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SDHC Awards over $110,000 to Humanities Programs Statewide

June 24, 2023

The South Dakota Humanities Council has awarded $110,530 to nine different organizations to support humanities programs in communities across the state and online.

“The goals of these programs range from providing education about local history and Lakota culture to addressing cultural issues like suicide and intergroup understanding,” said SDHC Executive Director Ann Volin. “They represent the kind of grassroots humanities projects that are truly meaningful to our state’s citizens. SDHC is happy to support them.”

The board of directors of the statewide non-profit, whose sole mission is to deliver humanities programs to South Dakotans, approved the grant proposals at its latest board meeting. Successful applicants submitted projects led by humanities professionals and featuring humanities as a central focus of their program, event, or research project.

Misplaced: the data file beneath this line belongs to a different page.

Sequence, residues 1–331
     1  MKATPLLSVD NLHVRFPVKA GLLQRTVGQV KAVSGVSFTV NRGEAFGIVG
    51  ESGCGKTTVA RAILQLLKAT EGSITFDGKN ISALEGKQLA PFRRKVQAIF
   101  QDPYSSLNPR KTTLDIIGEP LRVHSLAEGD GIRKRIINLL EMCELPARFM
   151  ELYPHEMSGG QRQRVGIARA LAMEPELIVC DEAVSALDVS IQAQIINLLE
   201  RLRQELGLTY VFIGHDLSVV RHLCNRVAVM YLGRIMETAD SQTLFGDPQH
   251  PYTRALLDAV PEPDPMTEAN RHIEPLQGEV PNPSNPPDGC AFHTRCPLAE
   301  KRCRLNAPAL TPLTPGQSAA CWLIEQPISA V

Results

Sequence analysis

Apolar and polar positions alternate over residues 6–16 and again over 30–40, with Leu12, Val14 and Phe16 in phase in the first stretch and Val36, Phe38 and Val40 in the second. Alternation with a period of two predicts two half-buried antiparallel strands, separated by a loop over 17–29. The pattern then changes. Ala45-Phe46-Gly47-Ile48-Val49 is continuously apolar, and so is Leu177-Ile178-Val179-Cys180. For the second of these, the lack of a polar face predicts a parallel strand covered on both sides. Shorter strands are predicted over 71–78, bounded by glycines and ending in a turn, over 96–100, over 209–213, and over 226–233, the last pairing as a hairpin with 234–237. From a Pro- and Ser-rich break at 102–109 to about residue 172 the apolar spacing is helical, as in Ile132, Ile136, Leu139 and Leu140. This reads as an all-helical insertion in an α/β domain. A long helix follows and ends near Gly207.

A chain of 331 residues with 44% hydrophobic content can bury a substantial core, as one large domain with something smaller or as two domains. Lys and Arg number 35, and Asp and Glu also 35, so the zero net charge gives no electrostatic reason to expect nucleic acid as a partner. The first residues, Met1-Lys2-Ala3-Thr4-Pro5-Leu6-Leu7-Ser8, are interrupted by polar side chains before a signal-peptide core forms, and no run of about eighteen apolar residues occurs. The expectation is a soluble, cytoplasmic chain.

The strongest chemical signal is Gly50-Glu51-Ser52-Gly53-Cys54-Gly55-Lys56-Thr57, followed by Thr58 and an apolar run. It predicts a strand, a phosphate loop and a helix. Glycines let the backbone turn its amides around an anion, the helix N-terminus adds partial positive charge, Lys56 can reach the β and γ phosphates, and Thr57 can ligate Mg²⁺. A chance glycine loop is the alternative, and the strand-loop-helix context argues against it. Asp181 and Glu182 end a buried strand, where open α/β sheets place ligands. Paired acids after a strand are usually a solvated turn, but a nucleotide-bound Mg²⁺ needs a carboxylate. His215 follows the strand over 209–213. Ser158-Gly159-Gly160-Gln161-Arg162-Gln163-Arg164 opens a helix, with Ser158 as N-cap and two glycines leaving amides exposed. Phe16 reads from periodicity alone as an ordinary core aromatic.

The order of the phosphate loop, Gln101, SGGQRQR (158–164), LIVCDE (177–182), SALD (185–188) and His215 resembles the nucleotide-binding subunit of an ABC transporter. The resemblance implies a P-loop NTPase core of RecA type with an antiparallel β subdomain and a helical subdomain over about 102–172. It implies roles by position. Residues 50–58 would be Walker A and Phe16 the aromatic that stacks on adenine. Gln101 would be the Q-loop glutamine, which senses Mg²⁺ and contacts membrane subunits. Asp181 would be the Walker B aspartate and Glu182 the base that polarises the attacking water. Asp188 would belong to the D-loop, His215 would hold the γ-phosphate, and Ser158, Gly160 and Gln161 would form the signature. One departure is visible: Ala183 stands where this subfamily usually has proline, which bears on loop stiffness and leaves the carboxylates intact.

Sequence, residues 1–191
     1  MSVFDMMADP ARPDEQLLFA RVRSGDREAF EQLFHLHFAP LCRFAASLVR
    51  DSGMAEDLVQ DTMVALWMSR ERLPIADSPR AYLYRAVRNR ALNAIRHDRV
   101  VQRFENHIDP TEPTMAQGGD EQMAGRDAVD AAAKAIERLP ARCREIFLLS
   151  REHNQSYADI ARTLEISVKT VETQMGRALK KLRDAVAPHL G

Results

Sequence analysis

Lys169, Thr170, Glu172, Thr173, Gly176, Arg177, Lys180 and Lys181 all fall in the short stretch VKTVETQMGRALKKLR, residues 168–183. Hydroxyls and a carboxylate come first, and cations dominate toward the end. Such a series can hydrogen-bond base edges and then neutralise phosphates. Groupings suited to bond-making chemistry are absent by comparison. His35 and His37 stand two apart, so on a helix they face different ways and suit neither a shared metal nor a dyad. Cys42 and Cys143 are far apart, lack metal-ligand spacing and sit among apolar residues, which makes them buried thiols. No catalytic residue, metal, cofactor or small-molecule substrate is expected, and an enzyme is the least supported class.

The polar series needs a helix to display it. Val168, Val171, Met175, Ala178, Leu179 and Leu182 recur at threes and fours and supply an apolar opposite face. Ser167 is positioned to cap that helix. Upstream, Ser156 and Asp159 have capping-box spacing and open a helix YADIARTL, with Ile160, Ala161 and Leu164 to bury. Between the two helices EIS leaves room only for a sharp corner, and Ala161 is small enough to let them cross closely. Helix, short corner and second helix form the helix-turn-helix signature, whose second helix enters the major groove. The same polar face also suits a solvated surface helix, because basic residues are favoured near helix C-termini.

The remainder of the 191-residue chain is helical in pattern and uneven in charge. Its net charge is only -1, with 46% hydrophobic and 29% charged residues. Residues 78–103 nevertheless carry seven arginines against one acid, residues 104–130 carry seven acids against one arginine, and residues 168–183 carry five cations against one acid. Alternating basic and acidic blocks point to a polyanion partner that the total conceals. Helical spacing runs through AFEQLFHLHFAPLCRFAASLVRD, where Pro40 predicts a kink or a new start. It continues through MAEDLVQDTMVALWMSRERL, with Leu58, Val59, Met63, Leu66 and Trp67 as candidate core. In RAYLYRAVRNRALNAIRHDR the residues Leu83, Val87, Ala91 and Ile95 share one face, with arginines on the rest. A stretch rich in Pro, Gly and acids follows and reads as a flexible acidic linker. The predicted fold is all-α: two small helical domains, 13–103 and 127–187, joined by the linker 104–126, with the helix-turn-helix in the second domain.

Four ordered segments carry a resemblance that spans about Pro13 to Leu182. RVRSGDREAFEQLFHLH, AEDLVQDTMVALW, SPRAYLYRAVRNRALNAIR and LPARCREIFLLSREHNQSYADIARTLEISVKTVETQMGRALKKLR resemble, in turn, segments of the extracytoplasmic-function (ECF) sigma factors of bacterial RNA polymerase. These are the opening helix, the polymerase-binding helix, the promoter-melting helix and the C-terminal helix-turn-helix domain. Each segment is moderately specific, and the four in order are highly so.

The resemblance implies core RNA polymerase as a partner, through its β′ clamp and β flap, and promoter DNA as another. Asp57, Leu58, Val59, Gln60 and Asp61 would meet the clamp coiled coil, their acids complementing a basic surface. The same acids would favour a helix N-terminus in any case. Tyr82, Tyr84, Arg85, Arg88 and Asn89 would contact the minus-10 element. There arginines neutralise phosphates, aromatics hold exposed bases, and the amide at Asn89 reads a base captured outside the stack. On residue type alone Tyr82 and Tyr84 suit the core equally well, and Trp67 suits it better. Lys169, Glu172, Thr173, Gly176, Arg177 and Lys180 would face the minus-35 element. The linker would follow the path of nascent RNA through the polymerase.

The following organizations received awards:

  • Friends of the Brookings Public Library in Brookings received $3,725 for “Brookings Community Intergroup Dialogues.” The Brookings Public Library and Brookings Inclusive Collaborative will host small group discussions over challenging topics from August 26 through October 24. These Intergroup Dialogues enable participants to better understand each other and address difficult issues through civil discourse. Learn more at

  • South Dakota Shakespeare Festival in Vermillion received $12,800 for “2023 South Dakota Shakespeare Festival.” The theme of this festival, June 11-18, was “A Celebration of Shakespeare.” A 5K walk/run race was held, as well as a Shakespeare-inspired Improv night and a performance by “The Sonnet Man.” The festival was held in-person in Vermillion’s Prentis Park, with some events recorded and uploaded online to allow more patrons to “attend.” Learn more at